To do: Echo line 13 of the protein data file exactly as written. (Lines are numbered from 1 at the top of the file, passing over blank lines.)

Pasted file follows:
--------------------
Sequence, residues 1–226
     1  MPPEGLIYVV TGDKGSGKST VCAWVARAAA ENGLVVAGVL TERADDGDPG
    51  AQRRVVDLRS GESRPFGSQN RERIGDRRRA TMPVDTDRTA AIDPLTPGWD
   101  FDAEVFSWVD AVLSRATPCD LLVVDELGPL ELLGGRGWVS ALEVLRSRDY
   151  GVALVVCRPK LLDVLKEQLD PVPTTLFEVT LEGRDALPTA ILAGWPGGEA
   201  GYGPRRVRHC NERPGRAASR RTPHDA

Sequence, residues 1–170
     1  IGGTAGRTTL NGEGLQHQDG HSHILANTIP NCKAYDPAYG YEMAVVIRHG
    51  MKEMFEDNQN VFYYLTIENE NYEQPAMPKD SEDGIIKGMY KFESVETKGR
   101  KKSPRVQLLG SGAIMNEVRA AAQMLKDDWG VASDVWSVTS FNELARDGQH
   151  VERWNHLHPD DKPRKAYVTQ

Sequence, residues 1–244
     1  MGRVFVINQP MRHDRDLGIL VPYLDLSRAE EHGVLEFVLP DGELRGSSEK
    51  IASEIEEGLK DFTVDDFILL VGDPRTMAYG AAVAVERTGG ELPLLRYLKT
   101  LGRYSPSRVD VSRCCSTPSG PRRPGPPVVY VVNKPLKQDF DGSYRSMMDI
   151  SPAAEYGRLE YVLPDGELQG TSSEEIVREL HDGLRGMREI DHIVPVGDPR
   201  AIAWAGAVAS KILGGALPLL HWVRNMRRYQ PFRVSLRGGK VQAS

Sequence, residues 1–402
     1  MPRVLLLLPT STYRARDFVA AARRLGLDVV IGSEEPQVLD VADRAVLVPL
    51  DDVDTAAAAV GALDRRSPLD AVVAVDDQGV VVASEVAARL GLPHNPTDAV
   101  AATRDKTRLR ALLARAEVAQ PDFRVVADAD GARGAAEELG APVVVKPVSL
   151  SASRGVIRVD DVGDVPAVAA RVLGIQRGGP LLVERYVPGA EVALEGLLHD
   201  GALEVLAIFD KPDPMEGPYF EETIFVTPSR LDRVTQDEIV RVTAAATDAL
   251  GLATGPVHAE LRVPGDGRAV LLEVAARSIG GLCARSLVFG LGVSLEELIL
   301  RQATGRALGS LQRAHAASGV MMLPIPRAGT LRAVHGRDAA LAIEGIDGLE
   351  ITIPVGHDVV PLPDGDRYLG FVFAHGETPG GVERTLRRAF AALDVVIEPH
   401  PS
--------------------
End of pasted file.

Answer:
     1  MGRVFVINQP MRHDRDLGIL VPYLDLSRAE EHGVLEFVLP DGELRGSSEK